A sun rising over a crashing wave. This is the logo for Sunrise Taekwondo and Fitness Kickboxing—a logo that symbolizes the start of a new day; a logo that celebrates Taekwondo Master and owner Christopher Smith’s first style of taekwondo training, known simply as Blue Wave. From within the calm confines of his taekwondo training and fitness center, Smith and his team educate students on the basics of self-defense. Beyond pure movement, each cardio-fueled session carries an overall emphasis on respect, discipline, and working together in a supportive, team-like environment.
We teach an authentic and traditional martial art called Bujinkan Budo Taijutsu aka Ninjutsu. What our dojo teaches is called Budo how to use distancing, angling and timing to defend yourself and your loved ones. This martial art consists of striking, grappling, multiple attackers, weapons training and rolling.
Grandmaster Taek Sung Cho has accrued more than 40 years of martial-arts experience and a host of titles on his resumé, including coach for the International Junior Taekwondo Championships and the U.S. Junior Olympic Taekwondo Team. However, he derives the most reward from his role as teacher, a position he has coveted since establishing Master Cho's Talium in 1991. Working with expert instructors, he imparts the value of community and inner balance through the lens of tae kwon do technique.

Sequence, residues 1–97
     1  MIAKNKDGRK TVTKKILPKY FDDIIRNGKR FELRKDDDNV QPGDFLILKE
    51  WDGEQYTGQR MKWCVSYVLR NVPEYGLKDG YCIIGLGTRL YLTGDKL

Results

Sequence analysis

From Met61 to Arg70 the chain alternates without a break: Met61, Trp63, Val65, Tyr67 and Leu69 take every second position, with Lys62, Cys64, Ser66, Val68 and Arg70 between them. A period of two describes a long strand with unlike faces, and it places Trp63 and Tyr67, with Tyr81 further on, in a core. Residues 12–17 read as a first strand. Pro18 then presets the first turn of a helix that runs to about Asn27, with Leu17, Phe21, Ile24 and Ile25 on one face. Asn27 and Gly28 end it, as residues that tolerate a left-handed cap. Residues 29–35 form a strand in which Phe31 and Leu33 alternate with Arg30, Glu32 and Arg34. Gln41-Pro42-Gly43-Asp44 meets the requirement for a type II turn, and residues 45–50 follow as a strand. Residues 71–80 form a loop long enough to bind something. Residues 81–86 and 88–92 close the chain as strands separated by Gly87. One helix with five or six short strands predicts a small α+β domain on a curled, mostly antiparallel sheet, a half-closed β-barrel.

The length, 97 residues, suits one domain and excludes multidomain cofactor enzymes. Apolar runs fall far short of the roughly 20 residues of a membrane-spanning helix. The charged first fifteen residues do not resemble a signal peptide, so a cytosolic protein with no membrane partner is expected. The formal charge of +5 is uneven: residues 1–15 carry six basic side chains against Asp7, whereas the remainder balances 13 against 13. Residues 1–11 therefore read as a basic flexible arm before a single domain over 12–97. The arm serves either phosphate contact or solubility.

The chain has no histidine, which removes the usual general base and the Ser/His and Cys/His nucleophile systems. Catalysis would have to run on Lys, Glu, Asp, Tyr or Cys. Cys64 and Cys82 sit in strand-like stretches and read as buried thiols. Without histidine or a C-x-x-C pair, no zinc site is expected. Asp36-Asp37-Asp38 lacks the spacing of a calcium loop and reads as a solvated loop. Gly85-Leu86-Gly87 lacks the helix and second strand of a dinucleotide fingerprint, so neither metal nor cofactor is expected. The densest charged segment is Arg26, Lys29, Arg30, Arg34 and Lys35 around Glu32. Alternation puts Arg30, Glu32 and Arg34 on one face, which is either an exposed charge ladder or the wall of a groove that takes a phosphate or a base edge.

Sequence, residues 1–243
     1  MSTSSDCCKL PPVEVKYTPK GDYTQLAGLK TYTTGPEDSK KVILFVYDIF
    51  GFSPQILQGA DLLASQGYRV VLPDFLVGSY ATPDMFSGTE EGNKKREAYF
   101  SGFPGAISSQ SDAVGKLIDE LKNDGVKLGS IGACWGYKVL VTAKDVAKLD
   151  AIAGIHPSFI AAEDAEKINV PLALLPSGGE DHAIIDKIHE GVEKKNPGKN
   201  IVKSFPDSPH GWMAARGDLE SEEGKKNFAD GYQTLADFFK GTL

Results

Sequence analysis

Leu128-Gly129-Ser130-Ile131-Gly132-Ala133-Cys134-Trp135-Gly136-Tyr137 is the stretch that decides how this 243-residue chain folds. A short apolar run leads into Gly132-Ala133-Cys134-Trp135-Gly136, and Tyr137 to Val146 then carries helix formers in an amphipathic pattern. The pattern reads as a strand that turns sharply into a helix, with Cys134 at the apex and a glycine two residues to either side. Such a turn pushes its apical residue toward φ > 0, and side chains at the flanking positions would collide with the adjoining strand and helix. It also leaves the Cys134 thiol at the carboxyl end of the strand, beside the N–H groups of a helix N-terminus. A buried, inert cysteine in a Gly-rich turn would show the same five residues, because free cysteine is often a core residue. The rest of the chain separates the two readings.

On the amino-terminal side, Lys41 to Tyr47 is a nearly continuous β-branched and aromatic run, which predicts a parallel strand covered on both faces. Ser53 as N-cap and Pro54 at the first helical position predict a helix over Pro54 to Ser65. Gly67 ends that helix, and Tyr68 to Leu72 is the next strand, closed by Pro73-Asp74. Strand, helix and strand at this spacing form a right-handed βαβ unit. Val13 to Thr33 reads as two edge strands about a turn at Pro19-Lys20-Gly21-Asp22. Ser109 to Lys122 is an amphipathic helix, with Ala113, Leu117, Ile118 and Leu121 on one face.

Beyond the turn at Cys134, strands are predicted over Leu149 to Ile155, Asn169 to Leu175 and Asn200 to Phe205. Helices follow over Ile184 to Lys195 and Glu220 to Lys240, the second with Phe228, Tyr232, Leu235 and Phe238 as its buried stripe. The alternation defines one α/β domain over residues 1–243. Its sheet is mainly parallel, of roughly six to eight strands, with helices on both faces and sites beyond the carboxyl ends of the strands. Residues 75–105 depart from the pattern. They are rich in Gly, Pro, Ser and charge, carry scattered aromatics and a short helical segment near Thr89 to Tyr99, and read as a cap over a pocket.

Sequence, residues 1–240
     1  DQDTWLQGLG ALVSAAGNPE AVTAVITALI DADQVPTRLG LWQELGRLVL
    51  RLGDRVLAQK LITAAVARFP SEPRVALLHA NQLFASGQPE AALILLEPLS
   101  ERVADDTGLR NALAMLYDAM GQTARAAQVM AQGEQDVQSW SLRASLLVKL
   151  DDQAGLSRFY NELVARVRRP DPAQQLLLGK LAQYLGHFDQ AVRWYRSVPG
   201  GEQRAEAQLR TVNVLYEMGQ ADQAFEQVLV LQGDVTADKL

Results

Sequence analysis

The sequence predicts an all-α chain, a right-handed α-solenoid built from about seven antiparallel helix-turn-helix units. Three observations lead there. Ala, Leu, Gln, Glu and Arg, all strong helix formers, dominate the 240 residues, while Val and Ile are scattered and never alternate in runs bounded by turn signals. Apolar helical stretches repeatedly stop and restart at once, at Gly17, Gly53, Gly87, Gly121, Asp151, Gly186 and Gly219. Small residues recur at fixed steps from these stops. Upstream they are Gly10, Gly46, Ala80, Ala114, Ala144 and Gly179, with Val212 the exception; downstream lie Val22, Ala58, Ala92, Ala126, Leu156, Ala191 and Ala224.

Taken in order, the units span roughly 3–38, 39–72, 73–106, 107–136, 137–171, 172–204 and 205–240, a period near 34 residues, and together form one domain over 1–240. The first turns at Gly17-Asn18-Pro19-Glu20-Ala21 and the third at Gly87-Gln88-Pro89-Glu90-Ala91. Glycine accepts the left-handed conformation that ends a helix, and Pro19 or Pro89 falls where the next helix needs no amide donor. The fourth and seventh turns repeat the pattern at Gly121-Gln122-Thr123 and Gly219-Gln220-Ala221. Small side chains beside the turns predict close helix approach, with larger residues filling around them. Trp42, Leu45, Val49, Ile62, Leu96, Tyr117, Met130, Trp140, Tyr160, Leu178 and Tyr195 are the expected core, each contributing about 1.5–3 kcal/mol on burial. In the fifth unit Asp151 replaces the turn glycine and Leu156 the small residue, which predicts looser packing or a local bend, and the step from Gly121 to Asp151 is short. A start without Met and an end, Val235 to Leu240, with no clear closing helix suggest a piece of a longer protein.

Master Cho's lessons amplify confidence as well as coordination in young children, teens, and adults. Students can practice with others in their age group or alongside their families, depending on whether their school bus or their house transforms into a giant fighting robot. Kardio Kickboxing workouts toast calories with rapid jabs, and the staff emphasize the social aspect of self-defense training by hosting summer camps and birthday parties.
CKO’s trainers boil their philosophy down to three words: Be, Do, Have. Those trainers all found their passion for pounding the stuffing out of heavy bags at the gym itself before rising through its ranks to teach there. The approach they fell in love with favors fitness training over combat, and pits students against the weightiest bags around to simulate a boxing match with a rhino.
The dedicated instructors at Afro Brazilian Cultural Center of New Jersey see capoeira as more than a blend of dance and martial arts—they see it as a way of life. They train children and adults of all ages in capoeira's graceful movements through classes, therapy sessions, and afterschool programs, many of the instructors drawing from extensive training in Brazil and an understanding of Brazilian folklore and culture. But their instruction doesn’t end at capoeira—many of the Cultural Center's coaches specialize in disciplines including yoga, Zumba, salsa, and West African dance. Though many of the instructors were born and raised in New Jersey, others hail from places such as Guinea and Senegal and infuse their culture into their teaching style. The instructors hold classes at least once a week and more frequently for students preparing to dance-battle chaperones for control of the prom.
Aikido is the "loving protection of all beings," in the words of Morihei Ueshiba, who created the martial-arts style. Although it sometimes incorporates wooden weapons, at its heart, aikido seeks to act as a replacement for violence. Greg O'Connor, founder and chief instructor at Aikido Centers of New Jersey, brings Ueshiba's tenets to his students, who have included children and seniors, as well as members of the New Jersey State Police, the Department of Homeland Security, and the US Secret Service. O'Connor and more than 40 other instructors teach students self-defense tactics that redirect attacks, as well as more advanced methods that include wooden sword and staff training and aikido's dramatic falls and rolls.